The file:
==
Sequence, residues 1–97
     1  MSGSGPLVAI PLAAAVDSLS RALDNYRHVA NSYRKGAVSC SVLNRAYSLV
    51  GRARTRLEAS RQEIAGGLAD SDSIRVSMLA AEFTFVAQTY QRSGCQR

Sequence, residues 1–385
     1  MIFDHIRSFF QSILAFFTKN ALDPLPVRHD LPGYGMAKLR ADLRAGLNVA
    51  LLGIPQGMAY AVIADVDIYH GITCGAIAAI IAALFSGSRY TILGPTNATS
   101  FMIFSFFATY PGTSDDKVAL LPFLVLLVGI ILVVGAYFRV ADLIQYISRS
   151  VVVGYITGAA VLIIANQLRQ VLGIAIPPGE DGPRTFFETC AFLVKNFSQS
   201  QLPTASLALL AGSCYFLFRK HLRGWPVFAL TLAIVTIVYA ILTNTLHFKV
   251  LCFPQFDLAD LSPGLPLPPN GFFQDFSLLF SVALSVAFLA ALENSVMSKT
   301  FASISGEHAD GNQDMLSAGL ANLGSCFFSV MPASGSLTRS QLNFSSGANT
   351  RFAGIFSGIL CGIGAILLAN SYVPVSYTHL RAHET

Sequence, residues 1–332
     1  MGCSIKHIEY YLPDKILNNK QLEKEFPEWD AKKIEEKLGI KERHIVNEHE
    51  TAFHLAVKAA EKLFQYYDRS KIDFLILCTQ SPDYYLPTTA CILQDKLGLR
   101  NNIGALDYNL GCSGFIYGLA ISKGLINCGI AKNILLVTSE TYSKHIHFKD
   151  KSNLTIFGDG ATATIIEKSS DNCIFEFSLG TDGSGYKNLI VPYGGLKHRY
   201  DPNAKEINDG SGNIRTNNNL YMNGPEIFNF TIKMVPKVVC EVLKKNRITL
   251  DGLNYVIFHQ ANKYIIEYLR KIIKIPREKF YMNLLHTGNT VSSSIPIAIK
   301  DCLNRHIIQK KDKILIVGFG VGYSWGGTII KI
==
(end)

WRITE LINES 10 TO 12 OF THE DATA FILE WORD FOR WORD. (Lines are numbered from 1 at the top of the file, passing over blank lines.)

   251  LCFPQFDLAD LSPGLPLPPN GFFQDFSLLF SVALSVAFLA ALENSVMSKT
   301  FASISGEHAD GNQDMLSAGL ANLGSCFFSV MPASGSLTRS QLNFSSGANT
   351  RFAGIFSGIL CGIGAILLAN SYVPVSYTHL RAHET